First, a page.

Meharry 12 South Clinic celebrates first anniversary

Last updated on October 14th, 2013 at 02:55 pm

After only one year, Meharry 12 South Community clinic has provided over $20,000 in free care.

After only one year, Meharry 12 South Community clinic has provided over $20,000 in free care.

In only one year the Meharry 12 South Community Clinic has provided over $20,000 worth of free medical care to the people of Nashville with or without insurance.

Created and supervised by Meharry medical students, the clinic has been enhancing both lives of the people and the medical educations for the students. One of Nashville’s storied institutions is in partnership with the United Neighborhoods Health Services clinic network.

“The clinic started with a few students interested in starting a free clinic so that they could cultivate a training ground for future primary care physicians and then also access to care,” said Naomi Bitow, Co-Director of Case Management. “The services that we provide are comprehensive care, primary care for children and adults. We do referrals to social services and we recently started doing oral cancer screenings,” Bitow added.

Meharry 12 South Community Clinic helps to both enhance the educational experience of students and to offer top-quality health care at no cost to an underserved community. This community clinic is made possible by the devoted student and faculty volunteers at Meharry, as well as donors and institutional support.

The clinic is open on Thursdays from 6:00 P.M. – 9:00 P.M. Its mission is to address health care disparities within our community by providing free, high-quality care to Nashville’s underserved populations and by serving as a clinical skills training ground for students, inspiring the next generation of primary care specialists.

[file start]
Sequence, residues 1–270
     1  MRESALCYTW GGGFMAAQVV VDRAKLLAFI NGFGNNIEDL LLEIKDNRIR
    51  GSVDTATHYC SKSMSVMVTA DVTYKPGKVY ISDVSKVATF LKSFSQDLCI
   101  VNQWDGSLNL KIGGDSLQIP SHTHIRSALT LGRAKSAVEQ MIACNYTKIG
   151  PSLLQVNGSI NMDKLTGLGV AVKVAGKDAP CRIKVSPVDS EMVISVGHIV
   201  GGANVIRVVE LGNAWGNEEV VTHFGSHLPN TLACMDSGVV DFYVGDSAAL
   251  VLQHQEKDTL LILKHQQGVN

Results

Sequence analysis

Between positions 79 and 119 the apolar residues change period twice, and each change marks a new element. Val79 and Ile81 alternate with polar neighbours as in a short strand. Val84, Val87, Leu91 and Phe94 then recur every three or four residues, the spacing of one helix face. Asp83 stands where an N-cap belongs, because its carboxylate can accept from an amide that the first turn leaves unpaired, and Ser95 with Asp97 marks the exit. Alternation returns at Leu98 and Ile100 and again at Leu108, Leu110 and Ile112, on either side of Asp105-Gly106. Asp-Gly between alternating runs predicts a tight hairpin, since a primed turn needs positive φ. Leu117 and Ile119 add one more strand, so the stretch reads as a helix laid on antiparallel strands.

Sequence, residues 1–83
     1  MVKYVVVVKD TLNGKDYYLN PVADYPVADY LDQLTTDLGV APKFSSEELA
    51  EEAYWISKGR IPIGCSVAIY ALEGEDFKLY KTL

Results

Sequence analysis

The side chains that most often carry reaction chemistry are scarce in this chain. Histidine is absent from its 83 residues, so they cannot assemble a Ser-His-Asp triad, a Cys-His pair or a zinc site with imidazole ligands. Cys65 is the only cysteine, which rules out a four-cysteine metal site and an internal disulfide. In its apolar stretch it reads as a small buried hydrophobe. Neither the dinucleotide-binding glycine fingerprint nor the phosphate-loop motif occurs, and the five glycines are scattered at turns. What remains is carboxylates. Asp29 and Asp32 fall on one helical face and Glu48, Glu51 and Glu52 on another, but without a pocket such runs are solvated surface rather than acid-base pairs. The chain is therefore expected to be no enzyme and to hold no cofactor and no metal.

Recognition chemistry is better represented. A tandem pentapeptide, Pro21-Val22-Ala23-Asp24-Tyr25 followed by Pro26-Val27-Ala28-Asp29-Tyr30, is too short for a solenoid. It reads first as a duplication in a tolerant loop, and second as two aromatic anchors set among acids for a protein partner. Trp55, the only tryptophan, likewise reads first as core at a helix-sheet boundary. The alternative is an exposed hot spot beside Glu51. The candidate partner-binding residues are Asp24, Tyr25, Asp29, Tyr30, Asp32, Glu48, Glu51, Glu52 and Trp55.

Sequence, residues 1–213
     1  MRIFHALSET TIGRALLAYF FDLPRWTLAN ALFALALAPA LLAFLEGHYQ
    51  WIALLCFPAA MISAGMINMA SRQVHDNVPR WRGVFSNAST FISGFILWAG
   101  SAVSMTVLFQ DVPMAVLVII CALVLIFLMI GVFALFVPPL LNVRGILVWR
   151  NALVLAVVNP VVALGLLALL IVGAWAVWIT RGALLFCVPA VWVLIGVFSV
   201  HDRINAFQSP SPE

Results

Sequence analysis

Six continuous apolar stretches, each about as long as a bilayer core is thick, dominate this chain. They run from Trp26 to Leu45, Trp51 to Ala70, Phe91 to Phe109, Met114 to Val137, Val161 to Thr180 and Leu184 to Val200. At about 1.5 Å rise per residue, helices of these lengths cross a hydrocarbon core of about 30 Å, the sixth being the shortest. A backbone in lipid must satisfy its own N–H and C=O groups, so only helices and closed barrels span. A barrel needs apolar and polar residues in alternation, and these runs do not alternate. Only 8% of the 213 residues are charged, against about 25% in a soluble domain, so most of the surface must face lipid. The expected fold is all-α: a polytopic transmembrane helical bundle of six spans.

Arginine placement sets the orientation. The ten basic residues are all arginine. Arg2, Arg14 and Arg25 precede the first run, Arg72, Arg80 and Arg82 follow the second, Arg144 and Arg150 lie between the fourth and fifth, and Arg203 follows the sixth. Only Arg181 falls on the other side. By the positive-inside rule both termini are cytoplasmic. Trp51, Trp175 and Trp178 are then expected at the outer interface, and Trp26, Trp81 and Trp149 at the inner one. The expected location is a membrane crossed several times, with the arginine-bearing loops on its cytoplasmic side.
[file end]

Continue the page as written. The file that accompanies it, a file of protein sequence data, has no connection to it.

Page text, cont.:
“We started with one day a week from six to nine,” said Nick Kramer, a second year medical student. “As our patients numbers grow, we hope to move to eventually have two physicians on this night which would allow us to see twice as many patients and then we would move to two days a week,” Kramer added.

The clinic is still forming its presence in the community, so it is essential to take an active approach in order to spread the word about the clinic and recruit patients. Volunteers are an irreplaceable portion of this vital part of clinical operation and development.

The goal of the volunteer is to unite with individuals, their families and their friends who are considered low-income, uninsured, or not already receiving health care services.

“It is important because we are giving healthcare to a wide range of the citizens in Nashville,” said Courtney James, a second year medical student. “I think it impacts not only the community but also us as students because that’s why we came to Meharry, so that we could provide healthcare to those that don’t have it,” James added.

The clinic is growing more and more every week and will start giving out free flu shots as early as next week.